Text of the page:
Cranbrook had its beginnings in 1904, when George Gough Booth, publisher of the Detroit News, and his wife, Ellen Warren Scripps Booth, bought a large farm in the rolling countryside of Bloomfield Hills and named it after the English village of Cranbrook, the Booth family ancestral home. Taking up residence in 1907, the Booths gradually transformed their farm estate into a remarkable cultural and educational complex consisting of their home, Cranbrook House; the Meeting House, which was expanded into the elementary Brookside School; Christ Church Cranbrook; Cranbrook School for Boys; Cranbrook Academy of Art; Kingswood School for Girls; and Cranbrook Institute of Science.
A superb integration of architectural and landscape design elements, the Cranbrook complex represents a unique masterpiece in the history of American architecture. It embodies the belief shared by its founder, George G. Booth, and its principal architect, Eliel Saarinen, that art should permeate every aspect of life.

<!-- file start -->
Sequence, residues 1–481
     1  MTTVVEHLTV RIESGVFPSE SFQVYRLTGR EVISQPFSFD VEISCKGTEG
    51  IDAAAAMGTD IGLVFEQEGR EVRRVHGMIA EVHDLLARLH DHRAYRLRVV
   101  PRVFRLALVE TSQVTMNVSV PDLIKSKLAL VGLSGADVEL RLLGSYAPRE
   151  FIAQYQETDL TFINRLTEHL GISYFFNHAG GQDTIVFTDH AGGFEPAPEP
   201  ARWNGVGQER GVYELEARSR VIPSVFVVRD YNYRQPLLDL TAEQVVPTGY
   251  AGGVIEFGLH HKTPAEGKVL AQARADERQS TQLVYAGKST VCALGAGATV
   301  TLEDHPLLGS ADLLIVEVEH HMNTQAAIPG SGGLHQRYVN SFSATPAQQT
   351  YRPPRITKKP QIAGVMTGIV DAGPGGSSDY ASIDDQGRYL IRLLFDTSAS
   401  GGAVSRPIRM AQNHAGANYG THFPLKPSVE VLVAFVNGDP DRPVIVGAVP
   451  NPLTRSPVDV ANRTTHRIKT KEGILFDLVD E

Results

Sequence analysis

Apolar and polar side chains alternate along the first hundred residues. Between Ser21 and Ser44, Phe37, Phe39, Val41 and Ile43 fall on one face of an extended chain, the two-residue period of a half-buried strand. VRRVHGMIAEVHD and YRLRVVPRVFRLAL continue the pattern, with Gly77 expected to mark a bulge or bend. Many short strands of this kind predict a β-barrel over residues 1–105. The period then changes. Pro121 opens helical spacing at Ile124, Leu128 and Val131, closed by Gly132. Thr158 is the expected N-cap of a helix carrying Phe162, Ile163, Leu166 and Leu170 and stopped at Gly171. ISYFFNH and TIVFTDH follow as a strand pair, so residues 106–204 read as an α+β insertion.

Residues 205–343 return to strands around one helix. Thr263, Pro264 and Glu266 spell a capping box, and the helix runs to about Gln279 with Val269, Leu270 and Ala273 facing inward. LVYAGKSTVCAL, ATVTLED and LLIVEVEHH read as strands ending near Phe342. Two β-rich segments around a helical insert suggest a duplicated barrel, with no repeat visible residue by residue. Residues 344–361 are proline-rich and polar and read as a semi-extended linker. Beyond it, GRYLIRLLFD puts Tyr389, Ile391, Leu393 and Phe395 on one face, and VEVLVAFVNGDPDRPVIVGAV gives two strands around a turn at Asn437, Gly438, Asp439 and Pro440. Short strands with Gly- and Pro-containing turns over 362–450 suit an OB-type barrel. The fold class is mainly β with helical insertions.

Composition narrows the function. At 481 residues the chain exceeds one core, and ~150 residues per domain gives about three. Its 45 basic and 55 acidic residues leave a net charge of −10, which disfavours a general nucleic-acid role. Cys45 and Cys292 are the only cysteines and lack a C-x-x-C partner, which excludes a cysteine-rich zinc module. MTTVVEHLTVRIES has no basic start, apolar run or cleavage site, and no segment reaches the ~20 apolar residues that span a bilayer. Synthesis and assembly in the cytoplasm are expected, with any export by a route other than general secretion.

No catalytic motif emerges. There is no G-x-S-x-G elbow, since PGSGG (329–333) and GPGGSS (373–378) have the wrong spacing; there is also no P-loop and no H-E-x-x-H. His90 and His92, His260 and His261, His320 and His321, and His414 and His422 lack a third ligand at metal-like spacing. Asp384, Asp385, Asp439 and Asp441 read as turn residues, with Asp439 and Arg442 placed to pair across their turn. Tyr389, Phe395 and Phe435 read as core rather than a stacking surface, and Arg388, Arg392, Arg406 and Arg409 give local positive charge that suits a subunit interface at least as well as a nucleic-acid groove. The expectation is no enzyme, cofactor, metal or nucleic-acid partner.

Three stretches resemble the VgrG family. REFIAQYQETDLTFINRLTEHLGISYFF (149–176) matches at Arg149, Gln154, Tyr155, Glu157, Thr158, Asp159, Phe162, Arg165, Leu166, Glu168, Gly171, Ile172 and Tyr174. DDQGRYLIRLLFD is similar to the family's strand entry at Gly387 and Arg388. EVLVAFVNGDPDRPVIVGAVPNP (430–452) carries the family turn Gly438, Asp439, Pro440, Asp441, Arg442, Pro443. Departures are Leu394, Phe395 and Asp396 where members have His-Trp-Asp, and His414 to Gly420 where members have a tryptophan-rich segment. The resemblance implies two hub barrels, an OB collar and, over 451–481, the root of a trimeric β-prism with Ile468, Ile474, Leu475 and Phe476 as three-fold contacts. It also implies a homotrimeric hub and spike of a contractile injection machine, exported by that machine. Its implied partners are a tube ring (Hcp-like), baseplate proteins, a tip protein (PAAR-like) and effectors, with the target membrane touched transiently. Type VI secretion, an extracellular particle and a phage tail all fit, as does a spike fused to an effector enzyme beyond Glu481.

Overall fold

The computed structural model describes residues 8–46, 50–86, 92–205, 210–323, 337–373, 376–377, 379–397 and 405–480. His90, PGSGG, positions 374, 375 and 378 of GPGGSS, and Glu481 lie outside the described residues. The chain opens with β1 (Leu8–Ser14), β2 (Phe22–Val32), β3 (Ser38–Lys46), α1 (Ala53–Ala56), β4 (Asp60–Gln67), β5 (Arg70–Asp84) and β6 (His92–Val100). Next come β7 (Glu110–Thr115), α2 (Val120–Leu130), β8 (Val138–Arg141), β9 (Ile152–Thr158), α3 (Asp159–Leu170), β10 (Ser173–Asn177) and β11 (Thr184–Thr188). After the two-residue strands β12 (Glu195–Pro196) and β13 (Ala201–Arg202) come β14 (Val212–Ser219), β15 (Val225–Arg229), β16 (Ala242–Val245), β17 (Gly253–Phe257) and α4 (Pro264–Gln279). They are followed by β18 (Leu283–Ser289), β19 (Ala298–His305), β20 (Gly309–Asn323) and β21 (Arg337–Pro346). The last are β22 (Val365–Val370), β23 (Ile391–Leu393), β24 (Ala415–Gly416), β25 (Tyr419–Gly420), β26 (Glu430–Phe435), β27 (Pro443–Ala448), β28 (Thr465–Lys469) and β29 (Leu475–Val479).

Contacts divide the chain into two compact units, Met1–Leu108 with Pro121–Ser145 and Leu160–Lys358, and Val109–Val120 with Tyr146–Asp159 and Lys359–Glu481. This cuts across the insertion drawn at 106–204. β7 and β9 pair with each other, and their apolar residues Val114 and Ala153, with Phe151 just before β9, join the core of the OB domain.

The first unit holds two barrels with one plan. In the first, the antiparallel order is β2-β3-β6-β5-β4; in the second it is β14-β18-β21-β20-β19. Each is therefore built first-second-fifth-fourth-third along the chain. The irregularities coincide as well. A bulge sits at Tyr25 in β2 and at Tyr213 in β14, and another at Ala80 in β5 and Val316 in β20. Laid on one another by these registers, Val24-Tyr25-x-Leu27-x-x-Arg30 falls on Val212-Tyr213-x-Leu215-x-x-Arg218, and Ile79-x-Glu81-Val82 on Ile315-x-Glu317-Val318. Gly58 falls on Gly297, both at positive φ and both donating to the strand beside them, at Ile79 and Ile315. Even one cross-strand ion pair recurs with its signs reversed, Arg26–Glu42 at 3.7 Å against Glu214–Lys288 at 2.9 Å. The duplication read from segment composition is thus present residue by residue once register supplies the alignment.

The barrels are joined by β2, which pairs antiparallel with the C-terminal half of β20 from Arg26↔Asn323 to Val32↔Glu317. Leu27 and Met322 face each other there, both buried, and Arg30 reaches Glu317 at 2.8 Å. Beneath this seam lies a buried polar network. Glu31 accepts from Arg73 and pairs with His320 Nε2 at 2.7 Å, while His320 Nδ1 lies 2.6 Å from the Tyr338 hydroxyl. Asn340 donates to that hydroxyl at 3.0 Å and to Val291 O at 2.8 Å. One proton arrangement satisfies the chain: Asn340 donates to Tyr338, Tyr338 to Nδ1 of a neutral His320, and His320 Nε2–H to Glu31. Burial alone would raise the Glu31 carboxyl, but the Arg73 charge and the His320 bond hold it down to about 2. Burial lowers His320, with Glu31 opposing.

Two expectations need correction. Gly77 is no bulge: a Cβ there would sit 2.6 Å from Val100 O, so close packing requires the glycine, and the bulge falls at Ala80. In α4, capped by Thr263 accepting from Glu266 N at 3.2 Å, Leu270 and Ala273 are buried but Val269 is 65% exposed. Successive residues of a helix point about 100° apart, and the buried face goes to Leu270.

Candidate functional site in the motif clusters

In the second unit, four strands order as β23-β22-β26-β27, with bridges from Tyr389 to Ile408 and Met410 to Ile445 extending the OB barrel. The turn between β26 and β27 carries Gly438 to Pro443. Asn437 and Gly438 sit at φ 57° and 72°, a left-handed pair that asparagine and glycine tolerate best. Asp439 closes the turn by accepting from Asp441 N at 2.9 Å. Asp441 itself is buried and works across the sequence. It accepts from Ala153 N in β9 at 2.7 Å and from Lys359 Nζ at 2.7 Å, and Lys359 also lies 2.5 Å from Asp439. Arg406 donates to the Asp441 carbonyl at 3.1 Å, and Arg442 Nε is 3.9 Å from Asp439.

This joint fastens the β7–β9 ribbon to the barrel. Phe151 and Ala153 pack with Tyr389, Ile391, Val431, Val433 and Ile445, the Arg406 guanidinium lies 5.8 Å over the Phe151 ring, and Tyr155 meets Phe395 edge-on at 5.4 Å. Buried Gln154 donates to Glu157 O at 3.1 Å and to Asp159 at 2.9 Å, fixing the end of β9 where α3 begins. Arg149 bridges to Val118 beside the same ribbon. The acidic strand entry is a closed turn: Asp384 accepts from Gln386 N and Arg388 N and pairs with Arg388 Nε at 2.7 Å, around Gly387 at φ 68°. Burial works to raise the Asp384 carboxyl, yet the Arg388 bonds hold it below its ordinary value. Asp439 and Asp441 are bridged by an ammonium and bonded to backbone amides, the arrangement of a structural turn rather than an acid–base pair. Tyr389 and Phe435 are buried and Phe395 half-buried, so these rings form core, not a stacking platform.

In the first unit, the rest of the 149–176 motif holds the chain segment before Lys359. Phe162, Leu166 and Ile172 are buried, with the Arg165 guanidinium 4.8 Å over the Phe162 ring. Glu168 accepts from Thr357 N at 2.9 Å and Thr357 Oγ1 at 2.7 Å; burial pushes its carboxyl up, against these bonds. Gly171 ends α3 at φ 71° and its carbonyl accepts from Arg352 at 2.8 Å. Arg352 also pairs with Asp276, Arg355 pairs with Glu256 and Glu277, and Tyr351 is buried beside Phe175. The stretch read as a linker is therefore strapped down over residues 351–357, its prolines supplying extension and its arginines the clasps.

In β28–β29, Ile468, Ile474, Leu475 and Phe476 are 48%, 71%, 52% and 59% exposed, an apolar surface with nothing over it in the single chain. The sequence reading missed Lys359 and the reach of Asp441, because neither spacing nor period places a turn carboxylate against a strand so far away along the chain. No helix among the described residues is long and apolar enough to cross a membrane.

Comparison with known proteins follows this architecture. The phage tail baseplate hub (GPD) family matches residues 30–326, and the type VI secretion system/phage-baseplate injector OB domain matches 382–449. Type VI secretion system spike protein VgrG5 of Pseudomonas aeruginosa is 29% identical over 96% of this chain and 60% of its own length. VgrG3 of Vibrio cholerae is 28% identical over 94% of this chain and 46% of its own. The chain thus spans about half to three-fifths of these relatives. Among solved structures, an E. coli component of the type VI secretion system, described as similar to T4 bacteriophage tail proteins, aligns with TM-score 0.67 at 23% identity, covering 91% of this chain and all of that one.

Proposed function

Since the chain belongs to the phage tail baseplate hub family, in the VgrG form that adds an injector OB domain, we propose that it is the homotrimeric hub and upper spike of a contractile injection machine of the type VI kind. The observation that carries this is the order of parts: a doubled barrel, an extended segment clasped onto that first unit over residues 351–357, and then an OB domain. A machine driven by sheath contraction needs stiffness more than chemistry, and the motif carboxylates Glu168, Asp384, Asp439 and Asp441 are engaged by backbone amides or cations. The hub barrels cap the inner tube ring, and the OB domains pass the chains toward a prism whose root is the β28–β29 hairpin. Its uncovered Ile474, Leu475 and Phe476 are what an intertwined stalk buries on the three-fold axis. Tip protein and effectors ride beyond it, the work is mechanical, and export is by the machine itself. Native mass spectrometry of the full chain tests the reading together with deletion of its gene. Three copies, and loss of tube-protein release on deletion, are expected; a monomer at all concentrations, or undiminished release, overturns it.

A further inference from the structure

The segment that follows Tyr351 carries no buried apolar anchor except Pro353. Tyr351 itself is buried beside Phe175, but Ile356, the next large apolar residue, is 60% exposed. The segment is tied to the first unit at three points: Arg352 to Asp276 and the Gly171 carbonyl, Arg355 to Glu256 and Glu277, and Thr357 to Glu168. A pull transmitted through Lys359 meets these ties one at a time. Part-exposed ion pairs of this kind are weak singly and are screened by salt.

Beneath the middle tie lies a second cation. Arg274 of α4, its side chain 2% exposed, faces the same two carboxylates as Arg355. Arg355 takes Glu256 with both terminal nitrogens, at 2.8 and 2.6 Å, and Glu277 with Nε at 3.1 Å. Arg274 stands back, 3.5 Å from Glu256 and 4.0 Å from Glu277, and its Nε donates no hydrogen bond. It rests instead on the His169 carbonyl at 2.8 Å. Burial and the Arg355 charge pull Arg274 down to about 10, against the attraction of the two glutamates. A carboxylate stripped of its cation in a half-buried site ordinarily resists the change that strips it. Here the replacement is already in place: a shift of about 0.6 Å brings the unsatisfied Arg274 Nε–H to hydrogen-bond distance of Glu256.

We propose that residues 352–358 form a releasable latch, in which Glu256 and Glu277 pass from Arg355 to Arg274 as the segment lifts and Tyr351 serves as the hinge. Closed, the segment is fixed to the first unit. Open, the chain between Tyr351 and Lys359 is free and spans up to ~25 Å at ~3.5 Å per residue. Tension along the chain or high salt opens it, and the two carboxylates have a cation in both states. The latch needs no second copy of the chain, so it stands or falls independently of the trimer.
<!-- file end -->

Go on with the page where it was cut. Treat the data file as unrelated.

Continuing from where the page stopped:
DESIGNATION AND DESIGNATION DATE
- National Historic Landmark, listed June 29, 1989
- National Register, listed March 7, 1973
- State Register, listed February 11, 1972
ARCHITECT, BUILDER, OR DESIGNER(S)
- Eliel Saarinen, architect
- Albert Kahn, architect
- Bertram G. Goodhue Associates, architect
- O. C. Simonds, landscape architect
- George Gough Booth
- Ellen Scripps Booth
SIGNIFICANT DATE(S), NOTES
- 1926-1943, the major components of Cranbrook were designed and built during these years
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